For Immediate Release:
April 6, 2017
Matthew Nocella, (202) 724-8105
Committed to a different approach to public safety, Grosso votes against Newsham nomination to be Chief of the Metropolitan Police Department
Washington, D.C. – The following is a statement from Councilmember David Grosso on his opposition to the nomination of Peter Newsham to serve as the permanent chief of the Metropolitan Police Department (MPD):
“Over the past month, the Committee on the Judiciary held three hearings on Newsham’s nomination. In addition to those who testified, I heard from numerous constituents via phone, email, and social media about this decision, and I am thankful to all of them for their engagement on an issue as important as this.
“As I thought about what it means to pick a new chief of police, I heard the praise and the criticism for the nominee. I take both of those very seriously.
“But, I also came to realize that I have a different vision in mind—that this vote is an opportunity to imagine what kind of police department we want to have, and what kind of leader will move us toward that goal.
“There are competing visions about the role of the police in our society, as well as different perspectives about what public safety means. I have seen it in my work as Chairperson of the Committee on Education, as we move away from “zero tolerance” approaches to school discipline, and instead implement restorative justice practices in our schools. We have seen a shift on the Council and among residents with the move away from criminalizing drugs, to removing criminal penalties and focusing on addiction and treatment services as the appropriate response.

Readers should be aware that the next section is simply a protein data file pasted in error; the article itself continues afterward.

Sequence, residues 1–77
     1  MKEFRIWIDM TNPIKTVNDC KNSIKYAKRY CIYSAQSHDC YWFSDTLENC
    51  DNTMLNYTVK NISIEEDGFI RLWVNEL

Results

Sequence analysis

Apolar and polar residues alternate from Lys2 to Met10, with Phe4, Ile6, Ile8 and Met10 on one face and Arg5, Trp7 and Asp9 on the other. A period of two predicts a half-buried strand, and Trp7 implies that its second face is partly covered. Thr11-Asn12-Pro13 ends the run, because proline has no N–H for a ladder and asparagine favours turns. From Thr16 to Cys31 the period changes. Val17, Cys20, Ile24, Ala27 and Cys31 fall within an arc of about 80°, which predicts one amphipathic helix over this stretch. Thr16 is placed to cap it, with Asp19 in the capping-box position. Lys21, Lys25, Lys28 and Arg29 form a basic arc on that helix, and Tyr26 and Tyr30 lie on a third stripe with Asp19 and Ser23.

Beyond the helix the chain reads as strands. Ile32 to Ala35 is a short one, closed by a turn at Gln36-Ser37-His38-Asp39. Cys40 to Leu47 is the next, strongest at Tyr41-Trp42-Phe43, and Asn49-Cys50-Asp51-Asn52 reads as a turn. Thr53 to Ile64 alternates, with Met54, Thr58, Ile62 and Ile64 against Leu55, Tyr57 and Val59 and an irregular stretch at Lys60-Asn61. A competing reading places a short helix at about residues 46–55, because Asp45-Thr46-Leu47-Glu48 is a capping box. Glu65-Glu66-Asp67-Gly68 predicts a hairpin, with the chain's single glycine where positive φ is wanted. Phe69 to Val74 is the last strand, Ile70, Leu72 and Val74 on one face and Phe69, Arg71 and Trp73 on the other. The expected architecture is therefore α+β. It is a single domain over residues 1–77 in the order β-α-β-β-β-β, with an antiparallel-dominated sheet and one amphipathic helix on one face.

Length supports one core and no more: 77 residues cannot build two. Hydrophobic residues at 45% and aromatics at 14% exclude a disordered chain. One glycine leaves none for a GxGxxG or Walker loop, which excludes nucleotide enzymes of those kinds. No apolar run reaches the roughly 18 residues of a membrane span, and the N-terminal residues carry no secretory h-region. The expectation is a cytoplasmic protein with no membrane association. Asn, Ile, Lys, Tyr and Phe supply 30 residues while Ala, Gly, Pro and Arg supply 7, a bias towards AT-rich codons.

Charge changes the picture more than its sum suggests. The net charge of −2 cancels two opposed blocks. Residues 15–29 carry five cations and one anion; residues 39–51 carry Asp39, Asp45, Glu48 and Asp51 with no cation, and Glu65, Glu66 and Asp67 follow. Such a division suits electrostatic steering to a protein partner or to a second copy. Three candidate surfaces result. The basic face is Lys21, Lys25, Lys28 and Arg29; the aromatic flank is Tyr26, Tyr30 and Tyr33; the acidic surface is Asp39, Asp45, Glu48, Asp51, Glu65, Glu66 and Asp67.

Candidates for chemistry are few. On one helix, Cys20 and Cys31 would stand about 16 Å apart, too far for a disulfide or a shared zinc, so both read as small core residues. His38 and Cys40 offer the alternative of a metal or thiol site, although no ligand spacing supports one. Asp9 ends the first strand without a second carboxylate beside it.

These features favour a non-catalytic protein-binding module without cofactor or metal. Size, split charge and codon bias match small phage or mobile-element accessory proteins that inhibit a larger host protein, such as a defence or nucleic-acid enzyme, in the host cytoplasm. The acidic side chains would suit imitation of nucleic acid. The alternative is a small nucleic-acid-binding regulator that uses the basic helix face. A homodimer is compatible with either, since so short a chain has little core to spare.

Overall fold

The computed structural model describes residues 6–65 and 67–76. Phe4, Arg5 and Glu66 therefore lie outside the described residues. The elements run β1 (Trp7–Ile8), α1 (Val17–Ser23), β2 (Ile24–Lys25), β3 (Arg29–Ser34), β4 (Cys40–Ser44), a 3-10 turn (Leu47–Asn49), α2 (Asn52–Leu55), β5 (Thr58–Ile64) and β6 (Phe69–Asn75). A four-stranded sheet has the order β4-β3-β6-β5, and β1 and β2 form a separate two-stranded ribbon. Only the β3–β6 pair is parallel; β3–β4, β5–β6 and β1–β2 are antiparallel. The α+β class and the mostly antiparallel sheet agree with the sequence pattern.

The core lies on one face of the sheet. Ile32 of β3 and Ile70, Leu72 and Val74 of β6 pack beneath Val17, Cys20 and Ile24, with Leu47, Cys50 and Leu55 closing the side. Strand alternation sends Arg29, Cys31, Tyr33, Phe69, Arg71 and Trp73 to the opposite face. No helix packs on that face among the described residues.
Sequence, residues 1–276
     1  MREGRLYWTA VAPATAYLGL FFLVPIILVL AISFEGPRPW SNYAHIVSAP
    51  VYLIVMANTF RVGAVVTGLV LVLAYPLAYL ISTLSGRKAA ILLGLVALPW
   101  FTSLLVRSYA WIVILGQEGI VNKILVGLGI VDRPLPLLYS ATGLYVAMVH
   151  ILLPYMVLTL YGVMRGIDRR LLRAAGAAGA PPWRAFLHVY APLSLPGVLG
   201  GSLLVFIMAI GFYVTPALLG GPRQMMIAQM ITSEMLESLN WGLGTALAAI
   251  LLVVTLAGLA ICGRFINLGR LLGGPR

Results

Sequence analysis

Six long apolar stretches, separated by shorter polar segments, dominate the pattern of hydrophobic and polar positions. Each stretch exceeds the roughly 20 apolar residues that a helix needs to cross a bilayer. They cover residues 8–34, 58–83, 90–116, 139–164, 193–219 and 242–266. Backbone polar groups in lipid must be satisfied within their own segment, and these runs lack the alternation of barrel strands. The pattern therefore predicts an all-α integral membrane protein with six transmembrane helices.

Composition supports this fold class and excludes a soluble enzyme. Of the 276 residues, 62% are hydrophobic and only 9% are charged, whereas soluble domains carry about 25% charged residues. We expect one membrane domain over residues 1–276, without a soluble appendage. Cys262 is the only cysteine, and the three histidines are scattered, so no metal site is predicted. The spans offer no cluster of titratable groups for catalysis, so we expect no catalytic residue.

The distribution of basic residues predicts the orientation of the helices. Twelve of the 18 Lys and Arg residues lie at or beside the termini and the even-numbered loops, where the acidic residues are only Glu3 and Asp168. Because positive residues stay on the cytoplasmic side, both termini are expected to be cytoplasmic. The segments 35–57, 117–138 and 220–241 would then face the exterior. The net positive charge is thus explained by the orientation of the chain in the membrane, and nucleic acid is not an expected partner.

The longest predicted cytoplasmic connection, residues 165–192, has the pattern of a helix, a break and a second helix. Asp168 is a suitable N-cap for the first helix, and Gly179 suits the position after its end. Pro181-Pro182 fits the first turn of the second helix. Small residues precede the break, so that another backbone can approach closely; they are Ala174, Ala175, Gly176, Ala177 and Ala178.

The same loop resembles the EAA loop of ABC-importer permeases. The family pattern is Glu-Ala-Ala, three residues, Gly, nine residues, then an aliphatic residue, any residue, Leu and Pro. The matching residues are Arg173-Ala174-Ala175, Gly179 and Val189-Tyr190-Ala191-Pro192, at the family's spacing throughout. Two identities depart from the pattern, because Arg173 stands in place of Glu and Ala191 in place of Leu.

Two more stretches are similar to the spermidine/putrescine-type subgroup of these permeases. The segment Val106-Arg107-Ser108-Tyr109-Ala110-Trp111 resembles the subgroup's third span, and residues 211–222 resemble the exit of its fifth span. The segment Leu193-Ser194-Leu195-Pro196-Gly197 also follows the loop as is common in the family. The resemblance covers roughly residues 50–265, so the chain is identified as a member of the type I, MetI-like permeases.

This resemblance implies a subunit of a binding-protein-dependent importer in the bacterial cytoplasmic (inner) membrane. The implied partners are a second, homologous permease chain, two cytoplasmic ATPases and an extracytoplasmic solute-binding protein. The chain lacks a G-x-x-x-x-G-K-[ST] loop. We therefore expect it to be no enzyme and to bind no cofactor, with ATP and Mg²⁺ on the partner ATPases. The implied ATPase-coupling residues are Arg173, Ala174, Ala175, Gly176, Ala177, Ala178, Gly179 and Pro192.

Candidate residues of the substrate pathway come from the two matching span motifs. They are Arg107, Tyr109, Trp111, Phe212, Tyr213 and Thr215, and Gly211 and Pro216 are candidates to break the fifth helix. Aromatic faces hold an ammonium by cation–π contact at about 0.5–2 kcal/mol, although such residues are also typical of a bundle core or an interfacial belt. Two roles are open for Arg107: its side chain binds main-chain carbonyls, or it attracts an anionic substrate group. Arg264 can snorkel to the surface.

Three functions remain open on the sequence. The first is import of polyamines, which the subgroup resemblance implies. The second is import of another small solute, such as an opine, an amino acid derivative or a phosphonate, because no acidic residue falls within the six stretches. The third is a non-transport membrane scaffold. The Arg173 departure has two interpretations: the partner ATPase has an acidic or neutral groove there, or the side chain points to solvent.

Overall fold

“I feel strongly that it is time for a similar overhaul in our approach to policing—a transformation of the MPD into an agency whose highest priorities include promoting non-violence and collaborating deeply with the community and neighborhoods.
“Such a transformation would mean a department would have a spotless track record of internal accountability, and a culture of intervention by officers when they see a colleague doing something wrong. It would be about recognizing that people in the community should be leaders in creating a safer environment, with support of the police, not the other way around.
“A shift like this would require police leadership to see that there are very deep-seated problems with how law enforcement operates in this city, and rising to the challenge of changing the paradigm.
“To be sure, this kind of change would require hard work by the entire city, but the leadership of the MPD is vitally important.
“Leadership was the focus of a number of the witnesses during the hearings, and as an elected official, the meaning of leadership is constantly on my mind, especially in the new national political climate. At a time when the leaders in the highest ranks of the government openly espouse bigotry, flout the rule of law, and disrespect human rights, I believe we need to go the extra mile to counteract those messages and actions.
“Maybe my expectations are too high, but based on some of the feedback I have heard, our constituents are hungering for a chief of police who is visionary and transformative, and can think outside of the box.
“Unfortunately, I do not believe that this nominee fits that profile.
“I remain committed to a very different vision of what policing and public safety can be, and I am committed to working with the new chief to promote these values, and the values that we heard from so many witnesses during this process around police accountability, bolstering our sanctuary city policies, promoting non-violence, decreasing arrests, and ending the perception that more police will solve our problems.”